Lexi Thompson rallied Saturday to put herself in position for a run at another victory leap into Poppie’s Pond. For most of the warm afternoon at Mission Hills, it looked as if her new big-headed putter might end up in the drink — or in a twisted heap in the nearest garbage can.
Overcoming her struggles on the greens, Thompson made two late birdies and curled in a 15-foot eagle putt on the par-5 18th hole to take a one-stroke lead into the final round of the ANA Inspiration.
“It was definitely a bit frustrating,” Thompson said. “I just tried to stay positive. I did get frustrated. I’m not going to lie. But I just tried to remind myself the putts I did make the last two days, and remember those strokes and getting that feeling, and basically telling myself to just put a more confident stroke on it, put some more speed on it.”
Her putting problems started on the par-3 fifth when she missed a 4-foot birdie try. She three-putted for bogeys on the par-3 eighth and par-4 10th, missing from 5 feet on eight and 6 feet in 10.
“I was hitting it well, just couldn’t get the putts to drop,” Thompson said.
Trying to win the major championship for the second time in three years, the 21-year-old American shot a 3-under 69 to reach 10 under. A day after making a 30-foot birdie putt on 18, she hit a 207-yard, 5-iron approach that settled pin-high to the left to set up the left-to-right breaking putt.
“To knock it in on 18 is always the most amazing feeling here,” Thompson said. “To finish like that definitely turns around my confidence. I feel really good going into tomorrow. … I do know what it takes to win on this golf course. I mean, I absolutely love this golf course.”
The long-hitting Thompson took the flatstick out of the equation with short irons to 2 feet for birdies on the par-4 15th and 16th. She nearly had a third straight birdie, but couldn’t get a 6-footer to fall on the par-3 17th.
“I was just putting a little timid and then hit a few good shots coming in, so I had a few short birdie putts,” said Thompson, the winner in Thailand in February for her seventh tour title.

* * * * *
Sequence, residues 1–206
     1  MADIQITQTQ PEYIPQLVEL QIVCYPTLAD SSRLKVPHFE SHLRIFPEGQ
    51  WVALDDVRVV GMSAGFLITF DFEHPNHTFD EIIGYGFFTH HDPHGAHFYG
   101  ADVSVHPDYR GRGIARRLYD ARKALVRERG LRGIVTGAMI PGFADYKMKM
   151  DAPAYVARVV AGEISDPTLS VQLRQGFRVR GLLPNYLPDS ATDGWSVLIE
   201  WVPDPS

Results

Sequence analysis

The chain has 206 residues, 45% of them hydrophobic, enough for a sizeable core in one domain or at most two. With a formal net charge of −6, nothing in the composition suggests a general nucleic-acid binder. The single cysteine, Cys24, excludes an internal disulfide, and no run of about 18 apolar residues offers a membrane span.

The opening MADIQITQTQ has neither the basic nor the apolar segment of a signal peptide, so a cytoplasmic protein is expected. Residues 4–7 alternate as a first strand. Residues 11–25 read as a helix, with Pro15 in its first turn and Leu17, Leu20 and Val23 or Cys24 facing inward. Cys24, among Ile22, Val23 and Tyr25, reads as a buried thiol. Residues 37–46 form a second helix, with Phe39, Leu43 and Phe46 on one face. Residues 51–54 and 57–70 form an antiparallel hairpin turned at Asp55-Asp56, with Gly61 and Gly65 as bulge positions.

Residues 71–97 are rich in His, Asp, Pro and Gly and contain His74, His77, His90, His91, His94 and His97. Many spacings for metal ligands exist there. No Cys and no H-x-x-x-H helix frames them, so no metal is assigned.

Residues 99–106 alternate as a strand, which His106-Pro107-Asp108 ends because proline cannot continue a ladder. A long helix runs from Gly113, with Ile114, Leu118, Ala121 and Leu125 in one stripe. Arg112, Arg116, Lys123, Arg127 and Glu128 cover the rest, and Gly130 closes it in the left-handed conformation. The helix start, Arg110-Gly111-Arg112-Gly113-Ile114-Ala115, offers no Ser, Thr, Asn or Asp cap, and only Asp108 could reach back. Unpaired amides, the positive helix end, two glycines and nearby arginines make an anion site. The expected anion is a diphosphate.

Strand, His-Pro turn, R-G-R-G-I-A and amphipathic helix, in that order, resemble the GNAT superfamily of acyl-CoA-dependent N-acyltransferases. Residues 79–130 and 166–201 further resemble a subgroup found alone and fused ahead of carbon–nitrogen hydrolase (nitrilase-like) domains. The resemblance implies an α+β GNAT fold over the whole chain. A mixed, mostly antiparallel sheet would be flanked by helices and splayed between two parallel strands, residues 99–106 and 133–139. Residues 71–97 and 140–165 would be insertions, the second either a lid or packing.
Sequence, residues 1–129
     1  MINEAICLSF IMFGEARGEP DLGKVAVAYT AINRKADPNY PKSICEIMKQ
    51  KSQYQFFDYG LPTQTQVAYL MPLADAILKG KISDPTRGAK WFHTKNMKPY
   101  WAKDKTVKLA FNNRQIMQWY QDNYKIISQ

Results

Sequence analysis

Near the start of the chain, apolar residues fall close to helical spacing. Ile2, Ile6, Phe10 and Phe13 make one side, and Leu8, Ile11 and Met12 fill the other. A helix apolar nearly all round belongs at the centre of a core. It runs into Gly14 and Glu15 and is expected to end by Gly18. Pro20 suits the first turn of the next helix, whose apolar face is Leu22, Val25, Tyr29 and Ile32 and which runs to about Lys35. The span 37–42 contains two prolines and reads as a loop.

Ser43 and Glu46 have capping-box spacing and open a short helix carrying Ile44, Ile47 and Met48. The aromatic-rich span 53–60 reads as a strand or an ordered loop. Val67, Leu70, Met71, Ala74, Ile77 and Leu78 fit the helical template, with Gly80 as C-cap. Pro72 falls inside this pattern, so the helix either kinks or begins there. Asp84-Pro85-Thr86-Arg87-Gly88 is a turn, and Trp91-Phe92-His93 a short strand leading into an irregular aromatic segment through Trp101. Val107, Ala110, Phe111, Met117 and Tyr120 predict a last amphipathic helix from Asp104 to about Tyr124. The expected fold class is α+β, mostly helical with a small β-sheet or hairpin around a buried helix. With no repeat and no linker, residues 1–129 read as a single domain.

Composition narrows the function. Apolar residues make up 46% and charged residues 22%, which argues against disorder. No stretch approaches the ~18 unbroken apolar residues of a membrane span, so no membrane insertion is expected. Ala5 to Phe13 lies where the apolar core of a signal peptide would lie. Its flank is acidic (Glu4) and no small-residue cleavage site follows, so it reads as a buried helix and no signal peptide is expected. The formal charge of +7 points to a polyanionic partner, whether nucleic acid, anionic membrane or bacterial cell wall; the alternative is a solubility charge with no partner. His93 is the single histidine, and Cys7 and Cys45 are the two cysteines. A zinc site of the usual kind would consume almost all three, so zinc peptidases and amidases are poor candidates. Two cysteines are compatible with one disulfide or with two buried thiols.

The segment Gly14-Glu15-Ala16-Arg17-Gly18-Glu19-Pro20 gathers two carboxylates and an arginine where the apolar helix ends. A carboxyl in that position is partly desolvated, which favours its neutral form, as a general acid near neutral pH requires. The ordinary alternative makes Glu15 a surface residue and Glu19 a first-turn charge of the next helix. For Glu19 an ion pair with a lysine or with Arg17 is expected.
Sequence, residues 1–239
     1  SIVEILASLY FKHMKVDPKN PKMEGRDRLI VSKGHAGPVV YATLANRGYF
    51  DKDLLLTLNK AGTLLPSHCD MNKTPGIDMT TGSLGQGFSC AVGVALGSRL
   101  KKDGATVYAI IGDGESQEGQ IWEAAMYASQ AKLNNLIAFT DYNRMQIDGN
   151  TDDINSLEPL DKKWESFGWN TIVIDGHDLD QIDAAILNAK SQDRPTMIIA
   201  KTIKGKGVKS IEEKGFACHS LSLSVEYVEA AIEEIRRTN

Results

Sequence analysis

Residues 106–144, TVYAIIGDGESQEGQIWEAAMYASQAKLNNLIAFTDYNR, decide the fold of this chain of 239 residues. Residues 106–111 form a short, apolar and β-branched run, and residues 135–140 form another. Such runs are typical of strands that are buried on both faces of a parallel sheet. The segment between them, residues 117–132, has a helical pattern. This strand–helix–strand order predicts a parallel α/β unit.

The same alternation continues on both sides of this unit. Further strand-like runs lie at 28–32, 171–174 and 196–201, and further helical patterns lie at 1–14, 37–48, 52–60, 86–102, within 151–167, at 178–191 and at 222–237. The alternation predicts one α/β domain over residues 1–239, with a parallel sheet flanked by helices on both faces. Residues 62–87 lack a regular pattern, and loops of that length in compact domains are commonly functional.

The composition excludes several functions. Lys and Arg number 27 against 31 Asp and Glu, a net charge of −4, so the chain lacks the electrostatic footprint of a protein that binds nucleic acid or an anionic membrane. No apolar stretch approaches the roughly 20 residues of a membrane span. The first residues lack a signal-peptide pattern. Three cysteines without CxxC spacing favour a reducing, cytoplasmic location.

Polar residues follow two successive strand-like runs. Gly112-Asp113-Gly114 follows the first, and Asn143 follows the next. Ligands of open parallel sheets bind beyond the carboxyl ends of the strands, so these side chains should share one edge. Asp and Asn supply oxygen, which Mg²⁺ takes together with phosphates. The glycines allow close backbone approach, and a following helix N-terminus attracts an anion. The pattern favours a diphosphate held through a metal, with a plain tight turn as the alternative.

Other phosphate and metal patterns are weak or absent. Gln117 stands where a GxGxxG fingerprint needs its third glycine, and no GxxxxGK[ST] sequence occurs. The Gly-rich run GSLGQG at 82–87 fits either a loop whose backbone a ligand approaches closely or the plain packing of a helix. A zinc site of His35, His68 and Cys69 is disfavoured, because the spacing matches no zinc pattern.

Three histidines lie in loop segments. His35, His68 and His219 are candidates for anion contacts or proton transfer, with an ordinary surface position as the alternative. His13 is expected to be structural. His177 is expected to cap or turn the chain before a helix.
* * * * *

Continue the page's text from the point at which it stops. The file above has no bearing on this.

Top-ranked Lydia Ko, In Gee Chun and Ariya Jutanugarn were tied for second, and fifteen players were within four strokes of each at the top of the leaderboard.
Ko shot a 69, a day after fighting allergies that led to vision problems. On Friday, she continually changed her contact lenses, irritating her left eye to the point that she said she was “one-eye blind.”
“I was a little worried about my eye, but it was great today,” Ko said.
The 18-year-old New Zealander won the final major last season, the Evian Championship in September in France, and is coming off her 11th LPGA Tour title last week in Carlsbad.
“I felt like I struck the ball much better today and I hit a few more fairways, so the less time you’re spending in the rough, the better,” Ko said. “I feel like today I was able to control my shots and kind of have an idea where the ball was going to go.”
Chun got up-and-down for birdie on 18 for her third straight 69. The 21-year-old South Korean player is returning from a back injury that sidelined her for a month. She was hurt when she was struck by a hard-case suitcase that rival player Ha Na Jang’s father dropped down an escalator at the Singapore airport.
“Tomorrow, I’m just going to focus on my game again,” Chun said. “The only thing I can control is my mindset, my mental game, myself.”
Jutanugarn had a 67. The 20-year-old Thai player is winless on the LPGA Tour. At age 17 in the 2013 LPGA Thailand, she closed with a triple bogey to blow a two-stroke lead.
“Whatever it is, I’m going to take it and have fun and enjoy tomorrow,” Jutanugarn said.
Miyazato and Charley Hull were 8 under. Miyazato birdied the 18th for a 71, and Hull birdied the final four holes for a 69.
“I was kind of in the zone,” Hull said.
Michelle Wie topped the group at 7 under after a bogey-free 70.
Wie is winless since the 2014 U.S. Women’s Open and hasn’t had a top-10 finish in 30 events since the last tournament that year. In her last two starts, she missed the cut in Phoenix and tied for 60th in Carlsbad.
“You kind of have to grind it out when you’re not hitting the ball as well,” Wie said. “But I’m very proud of what I did today. I hung in there, had some good birdies. Hopefully, I’ll give myself more opportunities tomorrow and take advantage of them.”